Judging by the results of the 1998 Catalog Age Benchmark Report on Lists and Databases, catalogers’ comfort level with renting their house file is increasing, as more of this year’s survey respondents-55% of overall respondents vs. 50% of the total last year-report that they make their lists available to others, and 20% indicate that they are renting to both competitors and noncompetitors, up 5 percentage points from 1997. As Ben Perez, president of Peterborough, NH-based list firm Millard Group, says, “Catalogs are becoming a little less concerned about protecting their data.” Perez attributes the change to the growth in cooperative databases. (Oddly, however, participation in co-ops among respondents is down slightly this year: 28% vs. 31% last year.) n There are of course differences among the rental practices of different types of mailers. For instance, while 21% of consumer respondents and 27% of hybrids (those selling to both consumers and businesses) say they rent their lists to both noncompetitors and competitors, none of the business catalogs surveyed say the same. On the other hand, about half of the business catalog respondents rent to noncompetitors-a substantially higher percentage than the 24% of consumer respondents and 37% of hybrids saying the same this year.
Speaking of that 24% of consumer respondents renting to noncompetitors, this number represents a continuing decline in the practice for this segment. Last year, 43% of the consumer respondents said they rented to noncompetitors, down 7 percentage points from 1996. One reason for the lower percentage of consumer mailers renting their files could be the popularity of list exchanges among these catalogers. One-third of consumer respondents (vs. 17% of the business respondents and 20% of hybrids) exchange with noncompetitors; 29% (vs. none of the business catalogs and only 10% of hybrids) exchange with competitors. Moreover, exchanges represent 44% of names mailed by consumer respondents, up from 38% in ’97.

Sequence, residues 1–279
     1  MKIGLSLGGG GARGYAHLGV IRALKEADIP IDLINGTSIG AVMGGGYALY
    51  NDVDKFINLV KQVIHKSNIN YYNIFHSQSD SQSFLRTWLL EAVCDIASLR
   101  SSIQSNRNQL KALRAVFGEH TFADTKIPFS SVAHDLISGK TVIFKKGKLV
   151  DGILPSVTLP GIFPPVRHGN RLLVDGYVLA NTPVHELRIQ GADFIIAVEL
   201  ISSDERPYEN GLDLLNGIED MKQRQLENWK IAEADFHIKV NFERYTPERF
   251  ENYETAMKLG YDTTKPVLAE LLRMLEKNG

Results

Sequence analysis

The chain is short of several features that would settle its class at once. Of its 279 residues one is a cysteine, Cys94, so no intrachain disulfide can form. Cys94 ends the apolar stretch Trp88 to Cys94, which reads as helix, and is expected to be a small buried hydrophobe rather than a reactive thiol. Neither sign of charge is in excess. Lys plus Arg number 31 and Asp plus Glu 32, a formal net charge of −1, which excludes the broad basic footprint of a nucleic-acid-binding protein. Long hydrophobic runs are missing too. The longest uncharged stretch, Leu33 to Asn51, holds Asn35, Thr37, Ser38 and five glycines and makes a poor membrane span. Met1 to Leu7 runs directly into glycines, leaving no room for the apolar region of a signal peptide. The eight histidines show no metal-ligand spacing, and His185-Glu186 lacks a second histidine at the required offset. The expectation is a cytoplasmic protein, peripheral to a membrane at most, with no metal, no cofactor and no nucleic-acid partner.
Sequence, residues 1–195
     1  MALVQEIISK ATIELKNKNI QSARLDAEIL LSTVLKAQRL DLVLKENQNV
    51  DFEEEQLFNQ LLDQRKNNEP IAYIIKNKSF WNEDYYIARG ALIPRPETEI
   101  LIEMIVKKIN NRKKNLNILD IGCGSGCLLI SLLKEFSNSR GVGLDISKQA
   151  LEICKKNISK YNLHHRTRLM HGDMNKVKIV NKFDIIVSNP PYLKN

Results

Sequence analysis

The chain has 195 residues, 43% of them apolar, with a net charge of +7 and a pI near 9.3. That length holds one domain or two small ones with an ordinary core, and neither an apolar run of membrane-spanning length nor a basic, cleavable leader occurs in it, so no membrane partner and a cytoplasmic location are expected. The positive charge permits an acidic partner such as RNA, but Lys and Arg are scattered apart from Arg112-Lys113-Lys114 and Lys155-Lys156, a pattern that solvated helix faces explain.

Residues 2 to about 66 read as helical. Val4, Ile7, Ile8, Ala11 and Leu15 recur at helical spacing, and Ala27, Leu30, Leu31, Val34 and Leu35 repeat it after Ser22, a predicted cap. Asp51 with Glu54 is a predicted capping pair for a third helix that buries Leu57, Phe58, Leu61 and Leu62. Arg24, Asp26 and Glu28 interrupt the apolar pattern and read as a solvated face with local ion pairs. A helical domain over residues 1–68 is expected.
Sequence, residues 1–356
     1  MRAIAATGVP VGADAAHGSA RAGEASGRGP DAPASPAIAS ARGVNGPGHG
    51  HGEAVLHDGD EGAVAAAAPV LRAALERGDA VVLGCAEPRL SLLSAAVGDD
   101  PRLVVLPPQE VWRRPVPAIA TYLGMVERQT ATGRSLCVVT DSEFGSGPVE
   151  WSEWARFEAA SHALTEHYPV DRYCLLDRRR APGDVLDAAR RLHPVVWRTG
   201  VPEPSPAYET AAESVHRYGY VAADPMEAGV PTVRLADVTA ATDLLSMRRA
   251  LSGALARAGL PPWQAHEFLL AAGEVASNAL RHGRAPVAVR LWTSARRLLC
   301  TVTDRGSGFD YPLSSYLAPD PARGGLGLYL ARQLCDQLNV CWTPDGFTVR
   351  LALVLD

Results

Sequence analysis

Indeed, many consumer mailers say that exchange is very often the only way to get at the names of a competitor. For instance, Phoenix-based food mailer Fairytale Brownies wanted to rent the names of a well-known food catalog rival. The competitor said no but did agree to an exchange, according to Fairytale president Eileen Spitalny. As she puts it, “The name is already targeted, so trading lists made a lot of sense.”
Of the 45% of the respondents that don’t make their names available, many (31%) are consumer catalogers with annual sales of less than $1 million. Files from these small mailers are not typically attractive in the list rental market, in that they are small in terms of quantity, and they are often so vertical that they have limited appeal to other mailers.
As for selects offered on rental lists, among consumer respondents that rent their lists, 81% offer recency selects, while another 81% offer dollar selects. Among b-to-b respondents, geography (89%), product (78%), and recency (78%) remain the most popular selects, which is unchanged from previous years. Regarding hybrids, geography seems to have replaced recency, 83% vs. 67%, as the number-one select.
Looking at respondents by size, as one would expect, the larger the company’s annual sales, the more likely it is to use rental lists. Just 24% of respondents with sales under $1 million rent lists, compared to 41% of respondents with sales of $1 million-$9.9 million, and 100% of consumer catalogers with sales of $10 million and over.
Overall, 48% of respondents are mailing to more outside names this year than last, down from the 1997 figure of 56%. Two-thirds of hybrids are mailing to more outside names than they did last year, up slightly from the previous year. But only 38% of consumer respondents and 46% of b-to-b respondents plan to mail to more prospects this year than last. By comparison, last year 62% of consumer and 60% of b-to-b respondents intended to mail more to outside names.